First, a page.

Formation of an International Federation17 August, 2016
The creation of an international governing body for badminton was a trigger for faster development – not just because the sport was ready for such progress but because the timing of it was particularly good.
It happened in a phase between two world wars when an acceleration of social, economic and technological change took place in the industrialised world. Strangely however the International Badminton Federation was generated partly by an inward-looking dispute within the United Kingdom, which somehow developed into a visionary international outlook. It also led to the appointment of one of the most unusual founder-Presidents any sport ever had.
No-one can have realised what a flood of comradeship, entertainment and sporting excellence would be unleashed by the formation of the International Badminton Federation in 1934, though it would be nice to think the founders had an inkling.
Badminton’s obvious readiness for such a mighty stride indicated that it had growing popularity, though none of this guaranteed progress. That required vision, timing, and a touch of good fortune. The sport’s pioneers had all three.
The vision of the IBF may initially have been short term. It may have seemed that badminton might spread throughout North America (but it didn’t really), and it was certainly hoped that Malaya might soon join (it did), perhaps opening a door to other Asian nations (it spectacularly did).
The timing however was excellent. This was an era of new tungsten lighting, better heating, less restrictive clothing, rapidly expanding transport, the spread of radio, more leisure time, and some emancipation for women.
Badminton’s pioneers rode this wave of progress. Had they delayed a few years, World War Two would have stunted the IBF’s birth, perhaps harming its post-war progress significantly.
As for the touch of good fortune, this was exceptional. That was because the IBF’s founder-President was Sir George Thomas, a shy and slightly eccentric baronet with extravagant resources of time, energy, knowledge, and enthusiasm.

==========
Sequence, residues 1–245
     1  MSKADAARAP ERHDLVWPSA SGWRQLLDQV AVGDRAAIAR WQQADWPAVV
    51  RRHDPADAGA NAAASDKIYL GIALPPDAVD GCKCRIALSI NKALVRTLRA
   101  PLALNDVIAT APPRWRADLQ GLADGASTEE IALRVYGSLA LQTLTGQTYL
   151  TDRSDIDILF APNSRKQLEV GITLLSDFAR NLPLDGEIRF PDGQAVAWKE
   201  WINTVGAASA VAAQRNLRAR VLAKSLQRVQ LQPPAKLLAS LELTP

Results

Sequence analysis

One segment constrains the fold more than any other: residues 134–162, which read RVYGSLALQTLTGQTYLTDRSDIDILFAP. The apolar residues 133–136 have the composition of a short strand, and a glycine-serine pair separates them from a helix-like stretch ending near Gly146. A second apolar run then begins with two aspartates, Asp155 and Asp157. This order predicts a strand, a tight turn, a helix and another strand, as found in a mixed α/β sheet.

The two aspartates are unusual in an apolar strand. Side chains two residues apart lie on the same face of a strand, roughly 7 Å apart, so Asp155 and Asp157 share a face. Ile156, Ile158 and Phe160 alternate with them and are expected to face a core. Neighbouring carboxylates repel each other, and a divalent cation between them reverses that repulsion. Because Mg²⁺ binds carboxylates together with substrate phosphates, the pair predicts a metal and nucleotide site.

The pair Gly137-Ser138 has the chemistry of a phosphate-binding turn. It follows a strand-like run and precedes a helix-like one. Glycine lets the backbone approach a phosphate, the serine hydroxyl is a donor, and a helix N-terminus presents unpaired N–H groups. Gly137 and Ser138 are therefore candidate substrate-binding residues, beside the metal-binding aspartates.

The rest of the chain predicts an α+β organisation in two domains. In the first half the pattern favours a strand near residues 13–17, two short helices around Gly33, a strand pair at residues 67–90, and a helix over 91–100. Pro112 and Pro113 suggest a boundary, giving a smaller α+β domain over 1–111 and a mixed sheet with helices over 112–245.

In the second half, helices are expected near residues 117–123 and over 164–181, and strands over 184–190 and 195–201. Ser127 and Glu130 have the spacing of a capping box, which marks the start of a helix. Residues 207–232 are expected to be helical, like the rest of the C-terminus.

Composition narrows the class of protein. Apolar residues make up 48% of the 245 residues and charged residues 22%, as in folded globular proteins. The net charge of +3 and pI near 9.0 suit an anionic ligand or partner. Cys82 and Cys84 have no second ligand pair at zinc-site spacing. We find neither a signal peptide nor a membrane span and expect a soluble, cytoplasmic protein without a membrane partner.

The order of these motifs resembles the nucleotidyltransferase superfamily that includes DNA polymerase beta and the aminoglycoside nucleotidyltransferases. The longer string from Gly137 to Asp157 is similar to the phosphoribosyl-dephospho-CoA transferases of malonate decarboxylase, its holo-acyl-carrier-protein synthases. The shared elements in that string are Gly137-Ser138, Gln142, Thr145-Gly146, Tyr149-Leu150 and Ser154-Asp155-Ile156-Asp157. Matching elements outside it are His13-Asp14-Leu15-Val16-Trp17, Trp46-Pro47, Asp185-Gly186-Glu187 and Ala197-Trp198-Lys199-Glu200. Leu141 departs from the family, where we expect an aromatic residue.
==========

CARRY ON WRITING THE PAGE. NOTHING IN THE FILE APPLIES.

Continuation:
Perhaps that gave the early IBF a dilettante quality – Thomas also played tennis at Wimbledon and was a Grand Master at chess – but his was a uniquely beneficial influence on the organisation of badminton and upon its competitive development. He won 21 All-England titles, thus possessing considerable talents for playing, as well as for administering and spreading the game.
The official reason for the formation of the IBF, on July 5th 1934, was that badminton’s spread no longer made it appropriate for one country to administer it. However it was also discontent from Ireland, Scotland and Wales which caused the historic inaugural meeting at Bush House in London.
These three countries were permitted only one vote each on a 22-strong committee of the Badminton Association (the British governing body). So they appealed to the BA’s most influential man, Sir George Thomas, who helped dispel some of his colleagues’ disapproving attitudes and then elicited their practical support. The outcome was a BA donation of £200 (now worth perhaps ten times as much) to the infant international body.
The IBF’s birth thus happened 41 years after the BA’s, with nine founder members, India becoming the first Asian member a year later.